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The Power of Multiple Negative Divergences

04/15/02 02:22:35 PM
by Gary Grosschadl

When stocks or indexes make or challenge new highs they can possibly foretell coming failure by way of diverging or conflicting signals.
Traders can do well following these indications that all is not well with the current rise.


Security:   N/A
Position:   N/A

Many times traders are caught in a quandry as they try to analyze charts due to mixed signals suggesting that the equity can go either way. There are times however when the weight of evidence tilts in your favour. One to watch for is multiple divergences, in this case negative divergences from stock price or index levels.

The most common divergence is simply a divergence in volume. When a stock or index makes or attempts to make a new high (i.e. double or triple top) and the volume weakens, this shows that fewer traders share bullish convictions. This becomes a warning that the rise may be suspect and to prepare for a possible nasty decline, at least in the short term.

Graphic provided by: stockcharts.com.
 
Traders should look to other divergences as well to add to the weight of evidence. The more divergences you find, the more strength of conviction you will have in making the correct trading decision. Often chart indicators give you a mixed blessing of sorts, as they do not always agree. But when you see multiple divergences, they can be a great trading signal.

When looking for divergence from price action this trader prefers moving average convergence/divergence (MACD), stochastics, relative strength index (RSI), average directional movement index (ADX), and channel commodity index (CCI). Note on the two chart examples how big moves were foretold by multiple divergences.

In the case of the Canadian wireless play RIM, shown in Figure 1, we see how a double top failure was correctly interpreted by multiple divergences. Also note that failure of the stock to stay above the 200-EMA line showed more downside coming.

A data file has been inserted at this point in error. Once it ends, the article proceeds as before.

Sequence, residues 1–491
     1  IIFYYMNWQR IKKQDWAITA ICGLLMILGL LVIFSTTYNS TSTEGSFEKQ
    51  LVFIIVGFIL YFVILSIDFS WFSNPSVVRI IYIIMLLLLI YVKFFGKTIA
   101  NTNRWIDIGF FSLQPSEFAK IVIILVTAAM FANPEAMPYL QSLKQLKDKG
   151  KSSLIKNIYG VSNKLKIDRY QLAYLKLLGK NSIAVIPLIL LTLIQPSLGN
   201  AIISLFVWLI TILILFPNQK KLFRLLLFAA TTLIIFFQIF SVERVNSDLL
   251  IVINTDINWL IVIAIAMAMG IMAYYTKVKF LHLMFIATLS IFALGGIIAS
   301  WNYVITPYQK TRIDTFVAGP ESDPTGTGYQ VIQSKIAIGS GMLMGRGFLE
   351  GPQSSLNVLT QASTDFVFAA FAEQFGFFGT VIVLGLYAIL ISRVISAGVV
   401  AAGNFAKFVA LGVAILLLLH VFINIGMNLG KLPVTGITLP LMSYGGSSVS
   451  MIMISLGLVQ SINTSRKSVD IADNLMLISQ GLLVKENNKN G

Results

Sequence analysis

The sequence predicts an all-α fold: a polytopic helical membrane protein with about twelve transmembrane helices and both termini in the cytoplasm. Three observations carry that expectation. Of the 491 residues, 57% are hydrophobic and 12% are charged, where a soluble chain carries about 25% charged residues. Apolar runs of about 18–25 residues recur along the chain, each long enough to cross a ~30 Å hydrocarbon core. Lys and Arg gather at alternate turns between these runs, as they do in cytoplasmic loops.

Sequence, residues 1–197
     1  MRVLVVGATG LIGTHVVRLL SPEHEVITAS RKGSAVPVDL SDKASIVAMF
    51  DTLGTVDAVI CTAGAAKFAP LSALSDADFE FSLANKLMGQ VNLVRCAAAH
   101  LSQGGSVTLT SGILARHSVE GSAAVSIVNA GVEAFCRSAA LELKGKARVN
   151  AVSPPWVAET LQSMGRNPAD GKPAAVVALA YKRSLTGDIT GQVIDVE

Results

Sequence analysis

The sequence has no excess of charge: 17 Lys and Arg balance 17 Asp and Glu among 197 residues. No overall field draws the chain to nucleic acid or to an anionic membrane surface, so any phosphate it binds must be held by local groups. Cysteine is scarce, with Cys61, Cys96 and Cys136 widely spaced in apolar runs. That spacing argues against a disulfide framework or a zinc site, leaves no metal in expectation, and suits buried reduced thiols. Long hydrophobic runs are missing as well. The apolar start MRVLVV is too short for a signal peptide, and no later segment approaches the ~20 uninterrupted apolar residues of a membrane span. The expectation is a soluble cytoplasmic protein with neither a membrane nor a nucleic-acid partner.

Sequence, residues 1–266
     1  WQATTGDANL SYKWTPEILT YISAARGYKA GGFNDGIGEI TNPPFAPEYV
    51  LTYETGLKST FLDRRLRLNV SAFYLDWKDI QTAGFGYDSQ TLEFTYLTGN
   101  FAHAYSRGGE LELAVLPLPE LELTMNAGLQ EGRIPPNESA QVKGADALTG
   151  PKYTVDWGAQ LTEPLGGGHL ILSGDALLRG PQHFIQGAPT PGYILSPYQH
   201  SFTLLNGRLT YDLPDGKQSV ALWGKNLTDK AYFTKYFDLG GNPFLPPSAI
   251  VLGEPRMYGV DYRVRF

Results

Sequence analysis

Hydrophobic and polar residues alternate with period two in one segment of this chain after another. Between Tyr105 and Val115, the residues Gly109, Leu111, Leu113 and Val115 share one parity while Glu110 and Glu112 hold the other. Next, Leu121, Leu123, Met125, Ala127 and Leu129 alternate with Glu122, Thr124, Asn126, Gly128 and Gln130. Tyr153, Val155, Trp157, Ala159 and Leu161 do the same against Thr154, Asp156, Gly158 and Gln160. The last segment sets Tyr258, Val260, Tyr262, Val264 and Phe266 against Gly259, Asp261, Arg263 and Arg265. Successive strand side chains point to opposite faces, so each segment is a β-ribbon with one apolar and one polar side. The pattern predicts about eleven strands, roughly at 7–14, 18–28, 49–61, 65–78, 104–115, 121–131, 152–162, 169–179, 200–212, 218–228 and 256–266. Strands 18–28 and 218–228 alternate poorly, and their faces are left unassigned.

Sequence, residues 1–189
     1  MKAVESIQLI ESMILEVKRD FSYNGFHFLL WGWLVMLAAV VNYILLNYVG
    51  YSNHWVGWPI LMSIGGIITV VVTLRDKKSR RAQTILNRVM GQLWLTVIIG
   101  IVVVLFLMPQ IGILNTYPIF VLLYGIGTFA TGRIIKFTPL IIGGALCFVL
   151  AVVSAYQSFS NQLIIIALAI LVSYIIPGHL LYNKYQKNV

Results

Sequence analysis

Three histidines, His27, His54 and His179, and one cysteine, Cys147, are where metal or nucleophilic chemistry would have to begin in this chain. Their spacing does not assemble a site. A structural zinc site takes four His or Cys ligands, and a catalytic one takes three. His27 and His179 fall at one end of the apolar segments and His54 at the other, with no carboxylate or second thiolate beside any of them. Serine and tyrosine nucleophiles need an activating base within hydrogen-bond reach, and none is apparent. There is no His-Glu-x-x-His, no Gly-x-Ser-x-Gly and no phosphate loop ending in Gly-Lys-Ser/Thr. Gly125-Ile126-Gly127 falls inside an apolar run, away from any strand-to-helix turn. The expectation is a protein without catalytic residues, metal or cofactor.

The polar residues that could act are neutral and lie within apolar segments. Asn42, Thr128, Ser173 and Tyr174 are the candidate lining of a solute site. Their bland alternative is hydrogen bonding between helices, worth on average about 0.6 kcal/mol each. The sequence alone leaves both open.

Divergences also work very well when charting indices. Figure 2 shows how the recent 400 point plunge from the Nasdaq composite was aptly warned by multiple negative divergences. Back in May, 2001 we see only one divergence (MACD) but as it turned out it was correct in it's bearish overtones. However the more recent Nasdaq plunge gave a big divergence warning and traders comfortable with indicators did well to take heed.


Figure 2: Here is an illustration of divergences between the price trend for the Nasdaq and various indicator trends. When the price is moving up, the indicators are moving down.

Some words of caution, always wait for PRICE ACTION to confirm what divergent indicators suggest as price action rules otherwise there can be no true change in trend.



Gary Grosschadl

Independent Canadian equities trader and technical analyst based in Peterborough
Ontario, Canada.

Website: www.whatsonsale.ca/financial.html
E-mail address: gwg7@sympatico.ca

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Date: 04/16/02Rank: 4Comment: 
Date: 04/16/02Rank: 5Comment: 
Date: 04/16/02Rank: 3Comment: Hindsight is the best....If you wait for price action to confirm...then it s too late to profit???
Date: 04/21/02Rank: 5Comment: 
Date: 04/25/02Rank: 5Comment: 
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